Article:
Allegations that the Sunday Times had “fudged” its numbers submitted to the Audit Bureau of Circulations (ABC) were not true, the Times Media Group said on Wednesday. The 12 500 copies under dispute had been incorrectly classified as business subscriptions, and had now been reclassified as voucher copies.
A story on the front page of the Gupta-owned newspaper, The New Age, claimed the Sunday Times had been “ordered to withdraw its circulation certificates” dating back to June last year. It said the ABC had investigated the newspaper’s stated sales figures, resulting in the decision to withdraw the audit certificates.
The ABC, in a statement, said that during a routine check audit on Times Media Group’s newspapers, “it was established that certain copies of the Sunday Times were incorrectly classified as business subscriptions.
“The ABC determined that these copies qualify as voucher copies and will be re-classified accordingly,” it said, adding that the circulation certificates of the Sunday Times would be “adjusted for the previous 12 months i.e. from Quarter 2 (July- September) 2014, and revised circulation figures issued.
“The exact number of copies to be excluded from circulation has yet to be precisely determined, but is in the region of 12 500 copies.”
Managing director of Times Media, Andy Gill, said TMG management had “met with the ABC board to debate the re-classification of the copies as Third-party Bulk, since there was no debate as to whether the copies were distributed and received by the intended recipients. The decision by the ABC board was however that the copies should be classified as voucher copies and we will abide by the decision”.
The Sunday Times in a statement said it was “important to note that the copies are not being questioned as to their actual delivery or use, but on the basis of a contract that was not directly aligned with ABC rules”.
President of the ABC, Gordon Patterson, told The Media Online he was “delighted by the attention that this particular check audit has attracted and hope that other check audits receive similar attention, although I doubt it.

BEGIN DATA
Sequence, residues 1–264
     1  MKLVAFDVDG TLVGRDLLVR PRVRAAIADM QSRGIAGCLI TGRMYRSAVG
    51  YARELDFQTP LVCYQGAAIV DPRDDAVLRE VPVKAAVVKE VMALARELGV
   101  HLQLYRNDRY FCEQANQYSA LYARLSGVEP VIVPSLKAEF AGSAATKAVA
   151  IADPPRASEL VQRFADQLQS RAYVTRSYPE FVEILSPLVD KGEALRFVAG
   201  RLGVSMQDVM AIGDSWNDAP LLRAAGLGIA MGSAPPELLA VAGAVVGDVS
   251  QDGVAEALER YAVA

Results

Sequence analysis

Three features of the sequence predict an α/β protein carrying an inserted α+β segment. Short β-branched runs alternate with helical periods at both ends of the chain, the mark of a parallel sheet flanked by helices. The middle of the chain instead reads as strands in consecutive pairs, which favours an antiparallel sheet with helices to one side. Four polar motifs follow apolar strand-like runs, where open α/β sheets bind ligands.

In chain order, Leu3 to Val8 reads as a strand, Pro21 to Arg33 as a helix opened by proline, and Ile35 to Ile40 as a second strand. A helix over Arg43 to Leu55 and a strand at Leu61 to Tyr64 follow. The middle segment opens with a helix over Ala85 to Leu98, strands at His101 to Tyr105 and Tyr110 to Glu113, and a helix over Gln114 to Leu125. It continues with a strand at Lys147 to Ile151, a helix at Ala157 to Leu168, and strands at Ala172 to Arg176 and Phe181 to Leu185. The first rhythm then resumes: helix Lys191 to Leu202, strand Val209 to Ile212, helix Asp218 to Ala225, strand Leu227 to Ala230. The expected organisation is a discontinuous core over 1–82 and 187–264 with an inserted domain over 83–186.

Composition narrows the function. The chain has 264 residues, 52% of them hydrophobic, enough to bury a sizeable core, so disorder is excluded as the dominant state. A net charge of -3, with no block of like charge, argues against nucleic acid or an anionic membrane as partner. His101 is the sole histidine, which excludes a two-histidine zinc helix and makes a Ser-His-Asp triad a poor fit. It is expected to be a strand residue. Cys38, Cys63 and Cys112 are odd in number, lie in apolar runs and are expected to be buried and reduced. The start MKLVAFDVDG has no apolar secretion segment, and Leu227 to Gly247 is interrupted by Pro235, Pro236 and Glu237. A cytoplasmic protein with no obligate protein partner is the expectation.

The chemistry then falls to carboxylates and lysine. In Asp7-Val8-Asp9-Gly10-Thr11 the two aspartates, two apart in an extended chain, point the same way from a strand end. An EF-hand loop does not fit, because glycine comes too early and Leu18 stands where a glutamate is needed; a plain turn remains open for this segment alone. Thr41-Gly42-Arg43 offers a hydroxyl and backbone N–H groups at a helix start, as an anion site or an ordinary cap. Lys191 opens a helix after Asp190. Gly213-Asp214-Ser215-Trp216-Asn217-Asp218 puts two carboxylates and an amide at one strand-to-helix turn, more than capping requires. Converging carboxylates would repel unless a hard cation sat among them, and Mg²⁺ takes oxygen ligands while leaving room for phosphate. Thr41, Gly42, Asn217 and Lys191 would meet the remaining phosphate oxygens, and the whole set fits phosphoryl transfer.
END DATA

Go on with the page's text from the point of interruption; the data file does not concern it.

“I cannot help but suspect that a degree of mischievousness lies at the source of the current speculation,” he said.
Patterson said check audits were an ongoing process within the ABC’s routines. “As a critical currency, you will appreciate that the ABC cannot be drawn into speculation nor rushed to release incomplete data. Our responsibility to our stakeholders requires restraint in order to defend transparency and preserve the trustworthy reputation that our ABC has built over the years,” he said. “Often I speak to colleagues around the world and I can assure you that our ABC is respected and viewed as a progressive source of innovative solutions that many countries struggle to implement.”
Earlier, Patterson said he was aware of the story published in the public domain as he was contacted by a non-ABC audited publication last night and asked for comment.
“I’m really curious about the source of the ‘leaks’ received and wonder what the motivations might be? It could possibly be to achieve a commercial advantage in the tough trading conditions, to distract attention away from their own poor performance. It could even have come from publishers that do not have the courage to even join the ABC for fear of the transparency and possible contradiction that independent measure might reveal,” he said.
“It could be a number of things, I guess.”
Patterson said it was “clear” that the leak was “choreographed to just pre-empt the ABC announcement so as to create the impression that little or no progress was being achieved. Fortunately this will be seen by industry commentators for what it really is, a cheap shot!”
The ABC said it undertakes a “considerable number of check audits each year within its audit and reporting processes” and that it remained “resolute in its commitment to all stakeholders to uphold the integrity of the currency, and to deliver accurate, credible, and consistent circulation data”.
In its statement, the Sunday Times said although the 12 500 weekly copies of the Sunday Times would now be classified differently and would subsequently not be reported as part of its core circulation figures, the newspaper has continued to grow its readership.
“Readership of other weekly newspapers has declined by 1.3%, yet the Sunday Times’ reader base has grown by 8.8% year-on-year (AMPS 2015BA vs AMPS 2014BA – Jul14-Jun15 vs Jul13-Jun14),” it reported.
“We will continue to innovate to grow the footprint of our titles and seek new readers and build value for our advertisers,” says Trevor Ormerod, GM sales and marketing. “Through distribution we will always look to access new markets and develop readership.”
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